11th December 2017
The new German Anti-Money Laundering Act (“Geldwäschegesetz” or “GwG”) came into force on 26 June 2017. According to the new law, legal entities governed by private law must obtain, hold, update and submit information about their beneficial owners to the German transparency register without delay. Helmut Taubert, legal partner at MSI’s German multi-disciplinary member firm ADKL, provides further insight into the new obligations and reporting requirements related to the German transparency register.
The obligation to notify the transparency register applies to all legal entities governed by private law as well as to registered partnerships (section 20(1) GwG). This includes all corporations (“AG”, “SE” and “GmbH” or “UG”), commercial partnerships (“OHG”, “KG”, “Partnerschaften”) as well as foundations with legal capacity, associations, cooperatives and professional partnerships. The notification obligation also applies to administrators of trust, the trustee of foundations without legal capacity, whose purpose is a vested interest, as well as trustees of similar structures (section 21 GwG) provided that the administrator’s or trustee’s residence or registered office is in Germany. Civil law partnerships pursuant to the German Civil Code (“GbR”) are not affected by the new law. The exception does not apply as far as the “GbR” is the shareholder of a legal entity, especially a “GmbH”. In this case and according to section 40(1) of the German Limited Liability Companies Act (“GmbHG”), the shareholder of the “GbR” will have to be named in the shareholders´ list of the “GmbH”.
Who is a beneficial owner?
“Beneficial owner” is a key term with regard to the transparency register (also see section 3 GwG). A beneficial owner is (1.) a natural person that is the owner or who is in control of the organisation, or (2.) a natural person, who is in a position to grant permission to make financial transactions or constitute new partnerships (sections 19(2), 3(1)(2) GwG).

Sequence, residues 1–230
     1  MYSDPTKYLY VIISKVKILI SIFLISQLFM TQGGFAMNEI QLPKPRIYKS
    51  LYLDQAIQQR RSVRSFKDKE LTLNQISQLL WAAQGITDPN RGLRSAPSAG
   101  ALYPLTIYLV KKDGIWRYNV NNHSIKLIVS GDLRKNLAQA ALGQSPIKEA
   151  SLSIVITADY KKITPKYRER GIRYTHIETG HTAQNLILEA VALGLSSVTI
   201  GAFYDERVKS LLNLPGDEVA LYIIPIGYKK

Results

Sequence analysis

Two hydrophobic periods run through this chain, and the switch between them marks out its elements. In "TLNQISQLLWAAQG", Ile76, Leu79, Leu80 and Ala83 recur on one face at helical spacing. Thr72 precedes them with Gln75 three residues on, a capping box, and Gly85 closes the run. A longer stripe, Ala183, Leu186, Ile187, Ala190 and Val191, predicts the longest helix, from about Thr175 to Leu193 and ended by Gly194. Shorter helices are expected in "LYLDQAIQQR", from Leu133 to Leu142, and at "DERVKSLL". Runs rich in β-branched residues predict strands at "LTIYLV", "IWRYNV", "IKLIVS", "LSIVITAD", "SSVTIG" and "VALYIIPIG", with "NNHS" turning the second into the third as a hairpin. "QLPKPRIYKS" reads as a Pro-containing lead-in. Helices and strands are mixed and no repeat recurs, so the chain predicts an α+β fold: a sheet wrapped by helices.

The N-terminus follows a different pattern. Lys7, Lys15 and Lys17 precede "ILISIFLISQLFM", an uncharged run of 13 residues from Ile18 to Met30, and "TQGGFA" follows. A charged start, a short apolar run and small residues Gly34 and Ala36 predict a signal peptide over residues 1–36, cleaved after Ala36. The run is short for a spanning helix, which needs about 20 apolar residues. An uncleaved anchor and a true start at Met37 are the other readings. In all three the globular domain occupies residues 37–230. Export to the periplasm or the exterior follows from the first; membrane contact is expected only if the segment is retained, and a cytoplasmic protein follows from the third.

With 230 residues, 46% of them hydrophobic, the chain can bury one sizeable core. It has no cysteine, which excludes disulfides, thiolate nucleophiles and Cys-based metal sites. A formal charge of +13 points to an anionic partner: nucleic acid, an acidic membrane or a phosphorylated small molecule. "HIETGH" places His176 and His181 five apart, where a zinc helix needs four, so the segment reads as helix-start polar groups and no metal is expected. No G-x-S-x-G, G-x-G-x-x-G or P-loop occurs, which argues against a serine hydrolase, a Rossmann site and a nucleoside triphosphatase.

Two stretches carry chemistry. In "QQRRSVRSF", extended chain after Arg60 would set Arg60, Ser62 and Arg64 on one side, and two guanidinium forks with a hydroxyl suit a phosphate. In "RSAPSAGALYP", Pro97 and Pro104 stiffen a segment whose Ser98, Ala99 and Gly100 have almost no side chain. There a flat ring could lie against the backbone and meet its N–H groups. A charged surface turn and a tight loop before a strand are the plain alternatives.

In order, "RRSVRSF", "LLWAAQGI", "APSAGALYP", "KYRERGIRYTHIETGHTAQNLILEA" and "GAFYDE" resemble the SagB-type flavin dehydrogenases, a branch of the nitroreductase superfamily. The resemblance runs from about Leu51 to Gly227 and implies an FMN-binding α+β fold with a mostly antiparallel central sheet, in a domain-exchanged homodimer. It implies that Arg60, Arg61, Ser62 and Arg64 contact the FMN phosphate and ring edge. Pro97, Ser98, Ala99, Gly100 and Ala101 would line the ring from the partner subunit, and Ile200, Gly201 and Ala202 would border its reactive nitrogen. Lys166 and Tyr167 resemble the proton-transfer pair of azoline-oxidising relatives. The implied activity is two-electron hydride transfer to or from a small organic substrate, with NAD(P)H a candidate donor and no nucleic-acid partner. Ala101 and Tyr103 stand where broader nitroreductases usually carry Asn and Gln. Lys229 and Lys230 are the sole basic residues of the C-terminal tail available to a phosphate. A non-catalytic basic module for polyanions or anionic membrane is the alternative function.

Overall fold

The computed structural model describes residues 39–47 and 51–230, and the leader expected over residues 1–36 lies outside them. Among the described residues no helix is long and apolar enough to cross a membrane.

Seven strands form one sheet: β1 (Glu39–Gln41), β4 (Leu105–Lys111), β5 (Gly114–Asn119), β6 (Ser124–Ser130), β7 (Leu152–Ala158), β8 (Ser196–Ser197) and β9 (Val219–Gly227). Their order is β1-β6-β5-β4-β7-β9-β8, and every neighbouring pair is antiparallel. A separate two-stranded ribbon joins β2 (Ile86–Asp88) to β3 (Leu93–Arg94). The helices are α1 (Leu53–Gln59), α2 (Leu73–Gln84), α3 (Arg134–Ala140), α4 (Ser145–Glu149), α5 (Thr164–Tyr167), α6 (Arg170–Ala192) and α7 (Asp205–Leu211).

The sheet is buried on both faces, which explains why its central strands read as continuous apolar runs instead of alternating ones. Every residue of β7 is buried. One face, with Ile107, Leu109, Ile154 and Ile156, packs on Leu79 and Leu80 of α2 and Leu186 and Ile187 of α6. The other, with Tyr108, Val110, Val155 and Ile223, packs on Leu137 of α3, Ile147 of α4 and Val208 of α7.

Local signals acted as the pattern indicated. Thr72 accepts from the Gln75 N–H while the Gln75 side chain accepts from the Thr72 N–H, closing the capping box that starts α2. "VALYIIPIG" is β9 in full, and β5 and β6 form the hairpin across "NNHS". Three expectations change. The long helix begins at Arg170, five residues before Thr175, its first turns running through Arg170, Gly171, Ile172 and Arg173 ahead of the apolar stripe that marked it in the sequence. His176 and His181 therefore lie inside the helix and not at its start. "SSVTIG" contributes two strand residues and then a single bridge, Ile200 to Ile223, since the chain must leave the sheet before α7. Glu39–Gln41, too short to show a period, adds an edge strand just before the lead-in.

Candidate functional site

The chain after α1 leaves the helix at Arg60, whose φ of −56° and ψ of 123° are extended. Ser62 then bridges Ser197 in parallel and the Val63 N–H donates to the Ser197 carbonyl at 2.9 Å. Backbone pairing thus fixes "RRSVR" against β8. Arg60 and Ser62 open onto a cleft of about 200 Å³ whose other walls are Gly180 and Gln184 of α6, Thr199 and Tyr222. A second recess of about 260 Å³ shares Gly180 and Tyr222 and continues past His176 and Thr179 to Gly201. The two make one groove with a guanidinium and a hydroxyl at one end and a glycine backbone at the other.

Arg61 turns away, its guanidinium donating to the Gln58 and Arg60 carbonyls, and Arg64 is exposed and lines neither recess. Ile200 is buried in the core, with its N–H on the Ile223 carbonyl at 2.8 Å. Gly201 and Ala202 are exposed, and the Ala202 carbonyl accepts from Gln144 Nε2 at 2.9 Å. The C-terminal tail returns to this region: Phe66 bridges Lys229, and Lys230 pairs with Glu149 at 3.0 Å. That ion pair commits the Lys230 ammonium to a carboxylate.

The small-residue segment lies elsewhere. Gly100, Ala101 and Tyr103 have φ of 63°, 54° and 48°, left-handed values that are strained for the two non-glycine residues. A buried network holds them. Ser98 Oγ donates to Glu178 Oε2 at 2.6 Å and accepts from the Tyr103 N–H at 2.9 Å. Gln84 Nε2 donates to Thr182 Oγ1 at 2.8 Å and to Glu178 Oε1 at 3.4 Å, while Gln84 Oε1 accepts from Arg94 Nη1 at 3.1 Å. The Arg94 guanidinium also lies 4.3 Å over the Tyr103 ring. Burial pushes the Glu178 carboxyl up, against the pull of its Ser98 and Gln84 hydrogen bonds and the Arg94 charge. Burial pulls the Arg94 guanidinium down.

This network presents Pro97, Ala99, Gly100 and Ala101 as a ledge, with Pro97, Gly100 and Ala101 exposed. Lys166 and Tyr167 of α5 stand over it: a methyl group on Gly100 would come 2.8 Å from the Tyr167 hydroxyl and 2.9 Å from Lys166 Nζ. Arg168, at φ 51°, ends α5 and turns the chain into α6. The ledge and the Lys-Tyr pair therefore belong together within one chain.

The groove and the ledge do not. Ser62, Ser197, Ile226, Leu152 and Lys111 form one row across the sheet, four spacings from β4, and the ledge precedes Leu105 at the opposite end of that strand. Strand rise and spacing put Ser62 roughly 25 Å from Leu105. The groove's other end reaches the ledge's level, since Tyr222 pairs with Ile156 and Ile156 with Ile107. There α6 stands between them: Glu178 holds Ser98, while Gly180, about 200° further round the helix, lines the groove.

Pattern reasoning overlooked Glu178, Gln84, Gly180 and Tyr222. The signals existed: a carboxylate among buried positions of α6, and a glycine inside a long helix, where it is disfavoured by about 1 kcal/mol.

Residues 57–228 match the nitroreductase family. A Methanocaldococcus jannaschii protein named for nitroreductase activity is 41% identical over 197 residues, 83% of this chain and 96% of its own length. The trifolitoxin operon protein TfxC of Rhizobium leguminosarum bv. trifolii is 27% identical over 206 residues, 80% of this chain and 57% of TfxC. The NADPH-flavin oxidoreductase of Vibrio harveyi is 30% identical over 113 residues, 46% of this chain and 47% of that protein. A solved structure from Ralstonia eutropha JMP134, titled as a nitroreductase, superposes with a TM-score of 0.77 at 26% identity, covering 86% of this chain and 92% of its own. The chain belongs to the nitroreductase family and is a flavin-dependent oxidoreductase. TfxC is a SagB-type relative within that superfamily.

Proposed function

In case of a legal person or other companies, a natural person may be beneficial owner if it (1.) directly or indirectly holds more than 25% of the share capital, or (2.) controls more than 25% of the voting rights, or (3.) controls the firm in a comparable way.
If no natural person has been appointed as the beneficiary, then the group of natural persons in whose favor the assets are being managed or distributed is deemed to be the beneficial owner (section 3(3) GwG).
What kind of information must be submitted to the transparency register?
Notably the following details about the beneficial owner have to be submitted to the transparency register:
The details on the type and extent of the economic interest have to clearly indicate the cause of the beneficial owner’s control, for example the level of shares or voting rights, the role as statutory representative, managing director, partner or beneficiary, or the extent to which control is exercised in some other way (section 19(3) GwG).
Read the full article on: The new electronic transparency register in Germany
ADKL is an interdisciplinary partnership of experienced and entrepreneurial frame of mind certified auditors, lawyers and tax consultants. We consult numerous national and international companies and entrepreneurs with complex economic, legal and tax issues.
View firm profile
Our new 'Doing Business in Malaysia' guide is now available for download from our website. View the MSI Global Alli… https://t.co/TspMLCfvbF
Europeans rather than Americans are most-diverse companies https://t.co/FcZ8WZFbXS #diversity
The Law Society of England and Wales has backed a new free online education resource aimed at future #lawyers https://t.co/mg0me9aa6P